Purified water represents the fastest growing segment of the bottled water industry. Why? Because it’s purer than other types of waters. When it comes right down to it, why does anyone “buy” their water. Some buy out of convenience, but most buy because they want something that’s of a higher quality and purity than other options like tap water. Like other types of water, there are popular misconceptions about purified water as well. To meet the legal definition of “purified water”, water impurities must be removed or reduced to extremely low levels. Water which meets this definition is of higher purity than spring water, tap water or filtered water.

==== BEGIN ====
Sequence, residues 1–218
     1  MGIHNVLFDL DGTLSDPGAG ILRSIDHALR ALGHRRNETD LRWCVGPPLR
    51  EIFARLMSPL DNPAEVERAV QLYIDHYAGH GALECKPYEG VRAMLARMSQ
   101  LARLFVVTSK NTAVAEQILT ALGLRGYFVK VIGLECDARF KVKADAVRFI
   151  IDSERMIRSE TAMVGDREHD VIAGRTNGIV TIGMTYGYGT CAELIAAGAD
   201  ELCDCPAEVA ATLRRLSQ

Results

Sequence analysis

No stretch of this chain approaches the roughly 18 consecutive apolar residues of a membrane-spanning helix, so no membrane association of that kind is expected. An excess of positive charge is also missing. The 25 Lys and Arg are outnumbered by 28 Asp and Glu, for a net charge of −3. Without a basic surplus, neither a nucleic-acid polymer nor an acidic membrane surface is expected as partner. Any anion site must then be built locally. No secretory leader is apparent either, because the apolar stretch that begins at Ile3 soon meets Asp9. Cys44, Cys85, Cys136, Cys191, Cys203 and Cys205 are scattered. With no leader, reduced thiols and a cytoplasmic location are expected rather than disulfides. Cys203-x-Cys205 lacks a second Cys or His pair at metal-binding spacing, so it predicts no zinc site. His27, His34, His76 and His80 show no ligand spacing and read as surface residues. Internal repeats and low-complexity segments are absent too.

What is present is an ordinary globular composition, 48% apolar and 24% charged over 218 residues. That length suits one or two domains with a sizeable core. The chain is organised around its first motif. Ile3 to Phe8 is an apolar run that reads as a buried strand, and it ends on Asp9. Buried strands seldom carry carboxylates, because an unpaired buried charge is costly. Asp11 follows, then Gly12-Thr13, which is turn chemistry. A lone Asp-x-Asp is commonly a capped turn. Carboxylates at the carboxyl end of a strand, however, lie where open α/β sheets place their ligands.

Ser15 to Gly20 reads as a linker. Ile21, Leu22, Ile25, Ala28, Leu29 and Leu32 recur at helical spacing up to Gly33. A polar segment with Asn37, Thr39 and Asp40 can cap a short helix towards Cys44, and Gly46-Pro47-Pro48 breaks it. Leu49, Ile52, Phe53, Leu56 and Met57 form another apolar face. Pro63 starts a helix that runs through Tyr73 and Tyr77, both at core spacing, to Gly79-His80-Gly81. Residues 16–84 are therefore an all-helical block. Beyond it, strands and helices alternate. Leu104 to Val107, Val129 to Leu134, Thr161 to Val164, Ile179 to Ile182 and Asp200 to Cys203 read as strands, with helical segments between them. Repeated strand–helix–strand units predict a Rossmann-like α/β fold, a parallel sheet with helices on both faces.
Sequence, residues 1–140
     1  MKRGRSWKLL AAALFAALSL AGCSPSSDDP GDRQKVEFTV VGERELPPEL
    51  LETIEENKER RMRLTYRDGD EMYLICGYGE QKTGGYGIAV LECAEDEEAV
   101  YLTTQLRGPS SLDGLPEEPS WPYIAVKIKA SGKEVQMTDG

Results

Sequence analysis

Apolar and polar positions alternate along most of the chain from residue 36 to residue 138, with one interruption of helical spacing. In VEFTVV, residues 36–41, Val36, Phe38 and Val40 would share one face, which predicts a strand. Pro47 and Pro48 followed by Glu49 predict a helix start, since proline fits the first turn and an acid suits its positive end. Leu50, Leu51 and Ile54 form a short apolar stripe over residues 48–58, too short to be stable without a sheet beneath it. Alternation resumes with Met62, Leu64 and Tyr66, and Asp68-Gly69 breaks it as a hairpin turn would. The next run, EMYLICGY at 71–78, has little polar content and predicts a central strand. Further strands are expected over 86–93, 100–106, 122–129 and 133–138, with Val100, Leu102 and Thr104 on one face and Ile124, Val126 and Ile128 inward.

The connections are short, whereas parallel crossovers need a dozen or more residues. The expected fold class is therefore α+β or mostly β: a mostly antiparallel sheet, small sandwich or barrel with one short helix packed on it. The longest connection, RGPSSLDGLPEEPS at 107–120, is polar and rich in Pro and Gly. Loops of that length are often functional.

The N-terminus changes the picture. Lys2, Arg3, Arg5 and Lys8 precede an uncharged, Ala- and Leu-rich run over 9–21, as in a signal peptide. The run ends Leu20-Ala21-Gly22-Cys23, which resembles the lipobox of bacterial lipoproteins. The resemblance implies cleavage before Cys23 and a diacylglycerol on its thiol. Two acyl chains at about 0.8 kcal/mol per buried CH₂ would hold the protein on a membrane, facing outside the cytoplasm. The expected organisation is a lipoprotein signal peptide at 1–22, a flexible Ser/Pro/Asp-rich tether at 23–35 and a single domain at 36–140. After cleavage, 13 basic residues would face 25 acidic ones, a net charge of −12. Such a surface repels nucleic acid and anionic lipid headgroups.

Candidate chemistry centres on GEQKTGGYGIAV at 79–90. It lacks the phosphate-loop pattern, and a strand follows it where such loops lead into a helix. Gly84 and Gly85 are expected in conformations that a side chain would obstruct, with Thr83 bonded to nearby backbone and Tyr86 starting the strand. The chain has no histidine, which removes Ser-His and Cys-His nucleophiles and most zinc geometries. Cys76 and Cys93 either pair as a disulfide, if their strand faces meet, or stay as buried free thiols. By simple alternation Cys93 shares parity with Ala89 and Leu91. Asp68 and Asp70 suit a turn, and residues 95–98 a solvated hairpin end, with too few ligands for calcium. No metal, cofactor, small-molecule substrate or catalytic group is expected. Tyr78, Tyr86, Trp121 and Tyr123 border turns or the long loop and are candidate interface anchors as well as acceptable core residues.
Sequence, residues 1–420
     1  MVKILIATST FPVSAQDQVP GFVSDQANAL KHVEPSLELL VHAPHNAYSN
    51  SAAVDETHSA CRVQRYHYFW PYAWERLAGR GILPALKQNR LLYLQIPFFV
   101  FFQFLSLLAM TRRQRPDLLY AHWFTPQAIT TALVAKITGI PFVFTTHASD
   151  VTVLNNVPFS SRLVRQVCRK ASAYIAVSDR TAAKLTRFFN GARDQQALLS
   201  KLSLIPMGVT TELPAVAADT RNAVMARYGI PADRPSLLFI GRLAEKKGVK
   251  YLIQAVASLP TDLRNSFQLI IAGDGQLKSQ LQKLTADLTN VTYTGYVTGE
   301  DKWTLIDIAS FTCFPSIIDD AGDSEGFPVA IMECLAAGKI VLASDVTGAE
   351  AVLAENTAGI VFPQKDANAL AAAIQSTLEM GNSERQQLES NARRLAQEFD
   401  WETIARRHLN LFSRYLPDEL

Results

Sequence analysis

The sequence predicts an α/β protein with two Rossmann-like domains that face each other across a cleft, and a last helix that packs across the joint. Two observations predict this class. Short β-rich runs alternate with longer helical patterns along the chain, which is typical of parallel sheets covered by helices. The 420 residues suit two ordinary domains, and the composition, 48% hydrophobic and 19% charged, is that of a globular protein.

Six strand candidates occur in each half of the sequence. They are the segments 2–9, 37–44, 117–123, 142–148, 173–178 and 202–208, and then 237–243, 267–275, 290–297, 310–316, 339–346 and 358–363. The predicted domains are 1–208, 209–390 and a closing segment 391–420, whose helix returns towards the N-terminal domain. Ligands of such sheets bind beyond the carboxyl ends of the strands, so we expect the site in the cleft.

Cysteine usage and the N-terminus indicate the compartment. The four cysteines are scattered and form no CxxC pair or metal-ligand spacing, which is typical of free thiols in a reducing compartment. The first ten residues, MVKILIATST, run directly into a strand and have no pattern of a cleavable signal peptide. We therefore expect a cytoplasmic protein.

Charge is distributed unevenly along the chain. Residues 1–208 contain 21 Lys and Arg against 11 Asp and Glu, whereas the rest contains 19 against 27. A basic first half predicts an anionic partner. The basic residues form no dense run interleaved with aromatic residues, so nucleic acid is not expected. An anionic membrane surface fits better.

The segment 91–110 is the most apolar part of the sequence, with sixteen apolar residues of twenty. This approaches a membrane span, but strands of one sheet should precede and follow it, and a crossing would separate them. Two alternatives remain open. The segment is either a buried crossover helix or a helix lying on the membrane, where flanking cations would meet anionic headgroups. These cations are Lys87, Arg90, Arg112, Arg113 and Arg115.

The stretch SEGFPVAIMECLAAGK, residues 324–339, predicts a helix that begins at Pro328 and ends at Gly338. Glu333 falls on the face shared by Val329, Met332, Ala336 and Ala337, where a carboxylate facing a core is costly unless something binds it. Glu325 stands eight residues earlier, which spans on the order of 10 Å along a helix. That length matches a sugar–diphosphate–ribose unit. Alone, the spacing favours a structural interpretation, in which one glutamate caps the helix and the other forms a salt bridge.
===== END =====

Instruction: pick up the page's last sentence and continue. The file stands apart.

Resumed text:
Purified water is often confused with filtered water. Many people believe the two terms to be synonymous, but this is not the case. While both types of water are subject to some sort of filtration (as is almost every spring water), purified water is cleansed and purified through additional purification processes, typically reverse osmosis, distillation or deionization. The resultant product, “purified” water, is of significantly higher purity than either spring water, tap water or filtered water.
Another form of purified water is deionized water. The process to deionize water is less expensive than distillation. Special chemicals are added to the water, which bond to the dissolved salts in water. These remove the chemicals, leaving behind water that is very pure, even free of most bacteria. Deionizing water takes less time, and requires less work, but for human consumption, you’re more likely to see distilled water in stores than deionized water.